In the week where the long-awaited Russia report was finally publicised, the need for leaders to instil a mutual sense of trust has become more relevant than ever. Ruth Badger, the managing director of her own eponymous consultancy service, speaks to the Leaders Council about the need for today’s leaders to establish a culture of trust, while news had emerged from the south coast that the Green Party will take control of Brighton and Hove City Council following the resignation of three Labour councillors, two of which were accused of anti-Semitic behaviour.
Leadership in Focus
When Ruth Badger and her business, Ruth Badger Consultancy, were left staring down the barrel earlier on in the year of having to deal with a crisis in the shape of the Covid-19 pandemic, the key to ensuring that the business was able to adapt to such difficult circumstances was being able to rely on the culture of trust that she had built up within her company.
Speaking on the Leaders Council podcast, Badger said: “As the leader of my business my role is to set an example and create an environment where people believe in who they follow. I have been lucky enough to have mentors who have shown me the way earlier in my career, instilled trust and in that have fostered a sense of safety that I can be pushed and leaders can push those around them to do that little extra, while also being listened to and respected for the decisions that they make.
“When Covid-19 emerged, the inevitability is that everybody will look to the leader to provide direction. Leaders have to be selfless and have the trust of the people around them. I had to put others first and I always have and make sure that I provided a clear sense of direction of what would happen in the business and give every individual the level of care they needed to make sure they were motivated and reassured.”
The way that Badger was able to provide such a sense of direction and therefore fortify that trust between her and her staff was to forward-plan and ensure that employees are kept well informed throughout the lockdown period.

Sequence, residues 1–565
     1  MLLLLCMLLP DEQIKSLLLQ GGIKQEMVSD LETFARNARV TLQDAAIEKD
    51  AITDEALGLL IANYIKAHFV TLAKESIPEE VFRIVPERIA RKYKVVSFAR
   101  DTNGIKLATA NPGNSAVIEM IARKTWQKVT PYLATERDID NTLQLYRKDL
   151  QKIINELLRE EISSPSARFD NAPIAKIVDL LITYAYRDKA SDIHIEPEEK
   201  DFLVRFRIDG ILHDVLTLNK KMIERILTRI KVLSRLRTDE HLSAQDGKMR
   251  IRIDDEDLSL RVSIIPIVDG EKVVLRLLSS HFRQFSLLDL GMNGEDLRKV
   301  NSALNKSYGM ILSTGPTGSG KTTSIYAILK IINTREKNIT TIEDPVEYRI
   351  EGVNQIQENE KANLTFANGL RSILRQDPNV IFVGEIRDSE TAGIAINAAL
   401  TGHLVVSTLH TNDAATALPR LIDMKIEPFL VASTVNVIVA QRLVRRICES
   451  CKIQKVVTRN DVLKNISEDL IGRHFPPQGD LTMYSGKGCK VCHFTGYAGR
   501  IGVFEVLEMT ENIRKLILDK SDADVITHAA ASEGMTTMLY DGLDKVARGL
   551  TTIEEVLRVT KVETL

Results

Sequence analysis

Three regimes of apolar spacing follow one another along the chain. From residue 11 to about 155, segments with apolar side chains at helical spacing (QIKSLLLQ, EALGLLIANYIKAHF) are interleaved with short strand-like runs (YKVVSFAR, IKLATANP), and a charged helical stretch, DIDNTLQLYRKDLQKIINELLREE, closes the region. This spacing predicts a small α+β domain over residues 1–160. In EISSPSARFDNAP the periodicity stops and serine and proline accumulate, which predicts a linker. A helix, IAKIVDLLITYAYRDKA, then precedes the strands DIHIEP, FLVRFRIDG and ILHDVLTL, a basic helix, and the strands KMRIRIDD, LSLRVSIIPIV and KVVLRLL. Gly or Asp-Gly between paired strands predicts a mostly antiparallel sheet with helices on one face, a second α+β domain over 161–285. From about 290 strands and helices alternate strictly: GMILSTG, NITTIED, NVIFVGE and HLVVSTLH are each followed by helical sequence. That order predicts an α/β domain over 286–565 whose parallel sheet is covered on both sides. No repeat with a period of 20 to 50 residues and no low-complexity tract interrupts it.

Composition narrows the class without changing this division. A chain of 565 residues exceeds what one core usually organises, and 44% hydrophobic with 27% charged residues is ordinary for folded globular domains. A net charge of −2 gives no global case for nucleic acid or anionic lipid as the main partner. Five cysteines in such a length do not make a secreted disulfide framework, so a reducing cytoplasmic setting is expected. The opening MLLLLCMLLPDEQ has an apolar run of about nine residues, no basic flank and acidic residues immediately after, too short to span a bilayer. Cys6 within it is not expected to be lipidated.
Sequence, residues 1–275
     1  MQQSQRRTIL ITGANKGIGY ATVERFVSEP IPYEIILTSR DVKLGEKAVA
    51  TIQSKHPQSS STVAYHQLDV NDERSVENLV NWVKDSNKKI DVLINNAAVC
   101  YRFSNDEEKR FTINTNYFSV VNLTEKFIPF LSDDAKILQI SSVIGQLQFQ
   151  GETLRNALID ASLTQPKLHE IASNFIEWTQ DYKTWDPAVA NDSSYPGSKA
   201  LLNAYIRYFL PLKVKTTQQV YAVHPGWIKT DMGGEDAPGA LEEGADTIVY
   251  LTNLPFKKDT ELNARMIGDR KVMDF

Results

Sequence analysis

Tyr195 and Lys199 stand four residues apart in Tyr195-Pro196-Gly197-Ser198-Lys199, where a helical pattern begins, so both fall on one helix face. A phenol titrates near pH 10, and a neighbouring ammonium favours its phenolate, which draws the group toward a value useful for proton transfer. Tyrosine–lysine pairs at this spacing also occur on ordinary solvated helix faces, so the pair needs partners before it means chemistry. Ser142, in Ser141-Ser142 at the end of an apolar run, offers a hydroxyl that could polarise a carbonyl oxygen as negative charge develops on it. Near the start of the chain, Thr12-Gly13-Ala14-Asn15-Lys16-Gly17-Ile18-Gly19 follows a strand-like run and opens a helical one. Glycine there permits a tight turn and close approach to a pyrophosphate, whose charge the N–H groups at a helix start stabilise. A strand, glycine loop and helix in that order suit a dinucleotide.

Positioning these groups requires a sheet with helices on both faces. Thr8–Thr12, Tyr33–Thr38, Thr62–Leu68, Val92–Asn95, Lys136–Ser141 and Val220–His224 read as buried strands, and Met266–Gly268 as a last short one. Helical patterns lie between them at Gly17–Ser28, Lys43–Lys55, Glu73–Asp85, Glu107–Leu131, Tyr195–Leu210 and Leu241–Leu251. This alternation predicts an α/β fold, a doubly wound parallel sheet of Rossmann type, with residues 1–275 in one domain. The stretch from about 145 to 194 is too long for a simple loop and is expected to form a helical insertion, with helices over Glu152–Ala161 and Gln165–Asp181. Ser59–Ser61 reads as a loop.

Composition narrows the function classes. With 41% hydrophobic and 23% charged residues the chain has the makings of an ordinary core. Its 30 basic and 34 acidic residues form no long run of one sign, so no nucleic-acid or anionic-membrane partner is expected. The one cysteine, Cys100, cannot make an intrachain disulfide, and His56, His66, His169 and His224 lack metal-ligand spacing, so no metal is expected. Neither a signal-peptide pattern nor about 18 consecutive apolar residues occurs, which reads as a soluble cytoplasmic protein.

“I have been working on planning two to three weeks in advance and I have been thinking a lot about the months ahead and what happens when we come out of the pandemic. Strategic thinking is imperative.
“I have always been a communicator and it is one of the most important traits. We can recall in the early stages of the pandemic that the public was crying out for more information before the government began holding its series of daily briefings. I made sure that when we decided we would go into a lockdown and transition to home working, the staff would be reassured and communicated with.
“I also took the decision to furlough staff with 100 per cent of wages being paid. One of the biggest threats to business is retention and that is something we have really worked on in recent years. I have been following with interest how people treat their staff during lockdown because I feel some employers have used it to purge their businesses of so-called deadwood. Staff wellbeing and mental health are key issues for us and to capitalise on the recovery when we come out of the pandemic, we need people who are motivated and ready to go in the right frame of mind.”
Once again, Badger believes that keeping employees motivated ties in with a culture of trust.
She explained: “My staff have been kept updated on what is happening in the business. I would tell my staff if we were not doing well because then they would pull harder to get to where we need to be. All of that is down to trust.”
Following the resignation of three Labour councillors, the Brighton and Hove City Council authority is set to come under the control of the Green Party.
The local authority is on its own mission to restore trust after councillors Kate Knight and Nichole Brennan resigned on Tuesday.
The council said that a number of complaints had been made to the Labour Party over Knight’s conduct on social media, and her standing down comes less than a week after the resignation of Anne Pissaridou who was also scrutinised for her actions on social media.
Labour now occupies 18 council seats compared to the 19 held by the Greens.
The Green Party said: "It is clear neither party can claim a majority to lead our city alone.
"We understand Labour are still divided and that some councillors have made clear their unwillingness to support a Green-led council. Residents will have no time for the luxury of parties debating 'seizing power'.
"Greens are keen to engage with our party membership, the Labour group and all partners to find the best way forward."
The council’s Labour group said in its own statement: "It is only right that Labour step aside and allow the Greens to form a new administration. This is in the interest of democracy and in the best interests of the city."
The former Labour leader of Brighton and Hove City Council, Nancy Platts, said that Knight’s conduct brought shame on the Labour Party.
Platts said: "On behalf of the Labour group, I am truly sorry to the Jewish community for the hurt these posts have caused."
She added that the council’s Labour group would establish a code of conduct that councillors must adhere to, which will set out details on how one should behave on social media and the importance of recognising content which may be deemed anti-Semitic in tone.
Leadership in History
On June 24 in the year 1567, Mary Queen of Scots was forced to abdicate. Her one-year-old son was subsequently crowned King James VI of Scots and would later become James I of England and Ireland following the union of the Scottish and English crowns in 1603.